In a battle of tit for tat, the European Parliament is threatening to impose visa requirements for U.S. citizens visiting the European Union (EU).
Members of the European Parliament are upset over the U.S. government’s failure to grant visa-free travel to America for nationals of five EU countries, and yesterday urged the EU’s executive body, the European Commission, to rescind visa-free travel by May.
Other media outlets have been inferring in their reporting that the European Commission will be imposing visa requirements on American travelers this summer. While legislators have urged the Commission to do so, the Commission is still negotiating with the U.S. government at this point.
Reuters reported that the Commission “was pursuing a diplomatic resolution to the row,” fearing that taking action would deter U.S. travelers during the peak summer season, and hurt European tourism.
The U.S. has yet to grant visa-free travel to citizens of Bulgaria, Croatia, Cyprus, Poland and Romania, while the EU allows Americans to travel freely throughout the 28 nations that make up the bloc. EU rules call for equal treatment for all Union citizens.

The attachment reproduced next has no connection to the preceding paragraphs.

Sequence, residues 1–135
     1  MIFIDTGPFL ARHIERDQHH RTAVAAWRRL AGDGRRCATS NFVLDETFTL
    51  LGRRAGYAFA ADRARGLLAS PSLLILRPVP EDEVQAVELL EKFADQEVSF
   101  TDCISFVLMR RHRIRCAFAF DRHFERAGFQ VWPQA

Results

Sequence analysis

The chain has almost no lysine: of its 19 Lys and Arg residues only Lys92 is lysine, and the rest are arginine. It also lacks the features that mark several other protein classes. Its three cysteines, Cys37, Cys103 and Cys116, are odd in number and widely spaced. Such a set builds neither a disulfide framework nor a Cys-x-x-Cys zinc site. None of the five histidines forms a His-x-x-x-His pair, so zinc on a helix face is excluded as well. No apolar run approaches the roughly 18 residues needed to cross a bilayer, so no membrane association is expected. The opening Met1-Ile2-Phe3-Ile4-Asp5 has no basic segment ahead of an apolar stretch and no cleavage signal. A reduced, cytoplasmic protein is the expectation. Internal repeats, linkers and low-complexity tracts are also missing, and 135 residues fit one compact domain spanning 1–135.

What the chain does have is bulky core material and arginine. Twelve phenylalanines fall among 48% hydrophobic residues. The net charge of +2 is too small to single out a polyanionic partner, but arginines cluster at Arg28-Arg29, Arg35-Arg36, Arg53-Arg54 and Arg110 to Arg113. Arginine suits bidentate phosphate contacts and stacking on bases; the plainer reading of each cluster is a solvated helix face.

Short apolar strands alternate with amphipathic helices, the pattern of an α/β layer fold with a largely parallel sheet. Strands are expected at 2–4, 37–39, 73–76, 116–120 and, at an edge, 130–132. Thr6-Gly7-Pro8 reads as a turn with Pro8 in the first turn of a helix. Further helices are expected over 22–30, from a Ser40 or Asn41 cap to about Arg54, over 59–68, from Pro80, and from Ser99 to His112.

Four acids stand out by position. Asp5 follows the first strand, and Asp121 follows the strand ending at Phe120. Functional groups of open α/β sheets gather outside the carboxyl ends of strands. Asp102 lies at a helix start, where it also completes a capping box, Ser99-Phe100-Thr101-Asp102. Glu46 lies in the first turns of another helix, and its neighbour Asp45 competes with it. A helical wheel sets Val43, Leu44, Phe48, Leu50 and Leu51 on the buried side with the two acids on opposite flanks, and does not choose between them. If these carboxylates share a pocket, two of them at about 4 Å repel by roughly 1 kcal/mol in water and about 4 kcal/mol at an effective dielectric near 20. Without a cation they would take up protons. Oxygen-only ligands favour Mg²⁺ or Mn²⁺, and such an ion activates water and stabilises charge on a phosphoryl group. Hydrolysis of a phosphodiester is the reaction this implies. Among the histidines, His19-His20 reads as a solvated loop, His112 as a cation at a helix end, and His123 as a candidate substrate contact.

The ongoing battle only heightened recently. By EU law, the Commission should have taken up the proposal last April, but it took no action.
In April 2014, the European Commission was notified that five countries, Australia, Brunei, Canada, Japan and the U.S., were not meeting their obligations towards the EU with regard to reciprocity of visa-free travel. Since then, Australia, Brunei and Japan lifted their visa requirements for all EU citizens. Canada will be lifting its restrictions Dec. 1, 2017.